While it’s understandable that Steins;Gate Elite wants to stay closely tied to the original text, I think borrowing from the anime’s larger soundtrack would help scenes flow better and lessen the strain on one song being used to match a spectrum of emotions. If your primary motivation for Steins;Gate was for its directing, Steins;Gate Elite makes some unfortunate concessions with its visuals and sound.
Clever Ideas for a Hopeful Future: Visuals and Controls
A well-done visual novel will be aware of how sound influences mood (sound design), how visuals influence interpretation (scene directing), and of course, how writing can craft an intricate world and story. Visual novels are a medium that take a lot of consideration. Steins;Gate Elite is one that does so in a productive manner. It has captured a wonderful concept: the illusion of motion.
Steins;Gate Elite has a bit of a magic to it. To give the illusion of motion while preserving user control, Elite has to rework multiple scenes and figure out points that can be logically transitioned. The point of this is to preserve pacing.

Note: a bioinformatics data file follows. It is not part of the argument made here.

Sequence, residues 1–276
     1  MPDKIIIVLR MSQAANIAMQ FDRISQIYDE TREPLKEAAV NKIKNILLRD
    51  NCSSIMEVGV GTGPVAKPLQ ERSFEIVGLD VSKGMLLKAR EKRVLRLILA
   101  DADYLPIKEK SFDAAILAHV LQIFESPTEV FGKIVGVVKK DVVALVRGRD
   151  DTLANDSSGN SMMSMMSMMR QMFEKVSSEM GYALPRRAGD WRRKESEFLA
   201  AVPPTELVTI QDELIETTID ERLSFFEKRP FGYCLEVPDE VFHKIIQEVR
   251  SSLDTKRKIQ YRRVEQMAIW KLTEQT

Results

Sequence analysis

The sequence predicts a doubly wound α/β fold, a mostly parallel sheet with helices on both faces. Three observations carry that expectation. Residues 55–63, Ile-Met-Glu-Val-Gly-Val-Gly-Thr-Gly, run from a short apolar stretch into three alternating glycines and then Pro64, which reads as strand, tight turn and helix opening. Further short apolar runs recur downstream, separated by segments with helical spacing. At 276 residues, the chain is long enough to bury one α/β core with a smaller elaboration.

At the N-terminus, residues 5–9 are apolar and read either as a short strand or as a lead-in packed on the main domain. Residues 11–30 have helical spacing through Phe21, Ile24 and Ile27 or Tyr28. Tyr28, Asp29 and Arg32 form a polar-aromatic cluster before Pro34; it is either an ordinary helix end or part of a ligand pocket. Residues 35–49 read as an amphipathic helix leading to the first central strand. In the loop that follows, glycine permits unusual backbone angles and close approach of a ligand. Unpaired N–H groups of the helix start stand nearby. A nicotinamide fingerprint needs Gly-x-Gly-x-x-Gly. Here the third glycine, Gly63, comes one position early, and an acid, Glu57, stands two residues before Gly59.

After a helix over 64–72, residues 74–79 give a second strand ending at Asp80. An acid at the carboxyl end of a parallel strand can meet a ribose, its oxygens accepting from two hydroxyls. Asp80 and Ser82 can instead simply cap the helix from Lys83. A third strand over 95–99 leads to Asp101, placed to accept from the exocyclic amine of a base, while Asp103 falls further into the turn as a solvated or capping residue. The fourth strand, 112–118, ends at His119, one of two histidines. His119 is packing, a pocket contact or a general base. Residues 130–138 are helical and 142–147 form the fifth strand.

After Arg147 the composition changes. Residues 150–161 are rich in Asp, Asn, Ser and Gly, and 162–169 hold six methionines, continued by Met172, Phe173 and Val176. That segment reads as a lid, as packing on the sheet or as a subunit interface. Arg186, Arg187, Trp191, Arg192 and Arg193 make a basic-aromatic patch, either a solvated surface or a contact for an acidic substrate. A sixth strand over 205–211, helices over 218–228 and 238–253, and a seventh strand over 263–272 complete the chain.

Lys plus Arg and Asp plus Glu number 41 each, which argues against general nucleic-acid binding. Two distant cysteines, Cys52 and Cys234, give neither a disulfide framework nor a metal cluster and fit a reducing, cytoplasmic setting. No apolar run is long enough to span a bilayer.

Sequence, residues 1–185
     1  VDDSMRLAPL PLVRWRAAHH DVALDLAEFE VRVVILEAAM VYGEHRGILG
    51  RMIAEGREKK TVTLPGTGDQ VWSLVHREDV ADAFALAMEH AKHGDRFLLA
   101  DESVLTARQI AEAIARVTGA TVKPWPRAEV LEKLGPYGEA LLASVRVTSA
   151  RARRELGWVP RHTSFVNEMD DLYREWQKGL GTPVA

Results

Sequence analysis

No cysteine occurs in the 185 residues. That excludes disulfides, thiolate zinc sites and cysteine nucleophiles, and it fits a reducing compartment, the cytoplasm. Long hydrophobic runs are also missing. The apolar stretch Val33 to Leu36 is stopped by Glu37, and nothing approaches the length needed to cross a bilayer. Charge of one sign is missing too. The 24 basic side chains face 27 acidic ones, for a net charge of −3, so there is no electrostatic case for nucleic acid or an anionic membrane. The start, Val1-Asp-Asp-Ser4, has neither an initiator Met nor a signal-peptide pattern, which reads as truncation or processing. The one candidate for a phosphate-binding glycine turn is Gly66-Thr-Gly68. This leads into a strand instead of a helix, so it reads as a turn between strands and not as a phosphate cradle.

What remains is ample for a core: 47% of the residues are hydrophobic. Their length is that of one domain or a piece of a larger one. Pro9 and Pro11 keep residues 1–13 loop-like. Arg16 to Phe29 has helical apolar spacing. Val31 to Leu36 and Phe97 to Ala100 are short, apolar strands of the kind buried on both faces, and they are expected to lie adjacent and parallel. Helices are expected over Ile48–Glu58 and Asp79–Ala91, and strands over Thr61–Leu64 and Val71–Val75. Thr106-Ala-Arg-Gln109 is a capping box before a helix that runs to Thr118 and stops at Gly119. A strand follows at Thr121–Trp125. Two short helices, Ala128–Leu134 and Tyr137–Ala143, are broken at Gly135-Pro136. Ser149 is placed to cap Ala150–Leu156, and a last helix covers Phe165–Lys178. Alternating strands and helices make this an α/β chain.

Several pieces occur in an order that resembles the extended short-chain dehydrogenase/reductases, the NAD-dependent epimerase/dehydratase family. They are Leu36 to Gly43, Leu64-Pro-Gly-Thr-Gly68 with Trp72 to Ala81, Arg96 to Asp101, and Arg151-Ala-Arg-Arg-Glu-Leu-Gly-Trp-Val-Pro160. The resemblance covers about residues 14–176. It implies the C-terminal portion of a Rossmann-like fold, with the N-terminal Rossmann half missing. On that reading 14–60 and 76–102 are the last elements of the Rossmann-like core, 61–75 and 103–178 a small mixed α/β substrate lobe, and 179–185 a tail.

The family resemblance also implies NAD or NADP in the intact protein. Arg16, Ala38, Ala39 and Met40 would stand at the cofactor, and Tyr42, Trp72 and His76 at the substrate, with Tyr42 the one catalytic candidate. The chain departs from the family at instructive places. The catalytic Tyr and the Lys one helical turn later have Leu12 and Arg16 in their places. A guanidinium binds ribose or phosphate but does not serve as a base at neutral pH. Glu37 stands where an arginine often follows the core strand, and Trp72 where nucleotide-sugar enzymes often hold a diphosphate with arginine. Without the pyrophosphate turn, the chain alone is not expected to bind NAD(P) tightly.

The pacing of animation is controlled through logical points where a loop can be inserted such as the spinning of a wheel or animation can stop such as a reaction shot where a character responds. While not all scenes will find the best spots to pause, the effort is commendable.
One major obstacles developers face is how to balance between scene presentation and user input. Sometimes the solution is to take away user input--make a scene run like a movie. Other times, you have scenarios in which user input is allowed, but it’s minimal such as walking-and-talking scenes or switches in perspectives where a player can look but not move.
Giving the user control over a integral scene is a tug-of-war between the expectations of how a scene should go (director’s intention) and the user (interaction). Steins;Gate Elite does not find a perfect synergy between the two. However, it experiments with an idea that, if expanded, could pave the way for how future VN developers choose to present scenes.
Steins;Gate Elite’s story still shares the original’s brilliant ideas. The expert writing on the science of time travel, the intriguing development of a prototype, the recontextualization of common ideas like fate with science-- this makes for an entertaining read for science fiction fans and those new to the genre’s ideas.